But the only way out is through, so from now on I'm posting a tiny bit of dreck all the dang time. I've got a backlog of reviews to do (literally years of neglected ARCs) so let's make this happen.

So the book I currently haven't quite finished is called Nothing Can Hurt You, by Nicola Maye Goldberg. I was expecting a straight-up standard thriller or mystery--you've got a murdered girl in the woods outside a small college town and her loving boyfriend, high on LSD and mood stabilizers. Is it open and shut but-we-were-wrong? Is it going to be a courtroom drama, where the clever defense attorney will put the police to the test? Will the other serial killer arrested just a few weeks before in the same town be related?

Whatever I thought I was getting, this is not it. This whole novel is a series of vignettes, barely interconnected, all about people tangential to the events. It's very well written, and I'm enjoying it a lot, but it's such a strange beast of a book that I am having trouble imagining its market.

The book opens introducing a woman who moved to the small town because of a strange medical condition, whose marriage is on the rocks. We follow her through entertaining her husband's coworker, a fight with her husband, an angry walk in the woods--when she finds a body--Sara's.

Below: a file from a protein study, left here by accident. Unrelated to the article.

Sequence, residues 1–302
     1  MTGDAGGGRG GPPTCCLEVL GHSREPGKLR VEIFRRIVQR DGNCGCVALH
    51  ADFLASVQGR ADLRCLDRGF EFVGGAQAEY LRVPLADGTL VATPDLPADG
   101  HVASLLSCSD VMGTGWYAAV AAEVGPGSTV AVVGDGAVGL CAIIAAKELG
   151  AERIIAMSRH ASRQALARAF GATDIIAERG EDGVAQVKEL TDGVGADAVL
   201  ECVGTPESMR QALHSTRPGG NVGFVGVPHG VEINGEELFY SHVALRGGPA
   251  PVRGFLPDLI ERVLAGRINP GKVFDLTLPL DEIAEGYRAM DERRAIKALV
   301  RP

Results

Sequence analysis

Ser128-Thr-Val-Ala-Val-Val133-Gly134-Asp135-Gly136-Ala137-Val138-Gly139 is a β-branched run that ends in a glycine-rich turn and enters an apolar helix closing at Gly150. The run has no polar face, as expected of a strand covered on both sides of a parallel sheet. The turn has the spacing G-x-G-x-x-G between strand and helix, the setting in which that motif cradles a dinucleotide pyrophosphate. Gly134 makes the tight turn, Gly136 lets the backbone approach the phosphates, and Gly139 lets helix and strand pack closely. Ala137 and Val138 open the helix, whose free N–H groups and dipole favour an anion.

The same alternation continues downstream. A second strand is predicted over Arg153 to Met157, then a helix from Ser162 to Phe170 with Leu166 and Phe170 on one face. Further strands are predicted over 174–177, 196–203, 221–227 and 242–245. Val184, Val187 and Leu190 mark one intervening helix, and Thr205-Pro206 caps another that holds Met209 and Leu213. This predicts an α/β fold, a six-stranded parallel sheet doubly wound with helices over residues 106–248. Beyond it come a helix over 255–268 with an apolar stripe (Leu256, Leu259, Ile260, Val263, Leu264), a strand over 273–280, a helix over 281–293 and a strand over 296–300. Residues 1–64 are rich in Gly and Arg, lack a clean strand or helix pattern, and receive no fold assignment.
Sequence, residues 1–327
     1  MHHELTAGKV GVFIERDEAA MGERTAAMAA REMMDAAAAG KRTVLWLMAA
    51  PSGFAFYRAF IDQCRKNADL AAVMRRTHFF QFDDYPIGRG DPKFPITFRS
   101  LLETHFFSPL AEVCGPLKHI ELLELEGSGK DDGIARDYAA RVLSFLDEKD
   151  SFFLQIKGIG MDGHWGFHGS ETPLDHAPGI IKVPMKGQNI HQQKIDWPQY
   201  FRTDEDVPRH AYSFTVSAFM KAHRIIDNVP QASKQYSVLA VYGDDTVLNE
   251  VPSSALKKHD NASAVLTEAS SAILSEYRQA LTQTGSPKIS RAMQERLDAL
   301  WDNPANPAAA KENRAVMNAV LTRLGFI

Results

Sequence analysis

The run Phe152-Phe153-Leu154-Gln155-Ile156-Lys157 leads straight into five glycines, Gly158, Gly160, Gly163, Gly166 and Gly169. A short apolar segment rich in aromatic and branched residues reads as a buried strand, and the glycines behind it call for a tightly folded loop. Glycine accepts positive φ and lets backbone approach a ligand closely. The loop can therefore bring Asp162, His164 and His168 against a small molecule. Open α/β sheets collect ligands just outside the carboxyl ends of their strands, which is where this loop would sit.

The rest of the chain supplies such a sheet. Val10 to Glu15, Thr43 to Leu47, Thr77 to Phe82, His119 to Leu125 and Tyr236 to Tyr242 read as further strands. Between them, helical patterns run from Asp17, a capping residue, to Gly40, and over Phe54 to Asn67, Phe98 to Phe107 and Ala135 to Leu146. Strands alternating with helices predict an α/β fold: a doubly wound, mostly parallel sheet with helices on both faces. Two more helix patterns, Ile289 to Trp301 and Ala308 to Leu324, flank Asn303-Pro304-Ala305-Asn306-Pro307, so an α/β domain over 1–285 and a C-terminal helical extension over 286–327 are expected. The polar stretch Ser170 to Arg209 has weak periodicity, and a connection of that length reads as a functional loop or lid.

Next we meet a totally different character a thousand miles away. We get to know her in rehab, and why she's there, and about her life and personality. We get a little invested in her rehab, and are concerned about the crush she develops on a fellow patient, who is rumored to have killed his girlfriend. Which he admits to; he was high on LSD.

And then we jump forward. We flash around, meeting the dead girl's half-sister, who barely remembers her, 15 years later. A reporter covering the murder trial, whose section is mostly about her fraught relationship with her mother. A teenager who Sara used to babysit for, whose lonely high school life leads her, in a sideways fashion, to a correspondence to the other murderer who was active in the town at that time. The guilty boyfriend's nanny, many years later when he has children of his own.

There's no mystery here; we know who did what and when. We even know why, because mental illness and contraindicated drugs leave it pretty obvious. We're not angry, necessarily, but we are maybe as befuddled as all these people who are trying to make sense of a world that has such a horrible crime in it.

I liked this book very much--which is impressive for a book that is carried so heavily on its writing. Each section is a really thoughtful dive into a character, sympathetic and clear-eyed. There are no bad guys here; everyone's doing their best, although some of their bests aren't very good.

But it's so far from what I expected when I picked it up, and from what I think most people expect when they look at a book about a murdered girl in a small town, I worry that it'll have a hard time finding its audience. This is a book for people who know that a murder like this isn't something that disappears after the show ends in an hour--it changes everyone around it, in every kind of way, for the rest of their lives.

Thank you to Netgalley for a review copy of this book.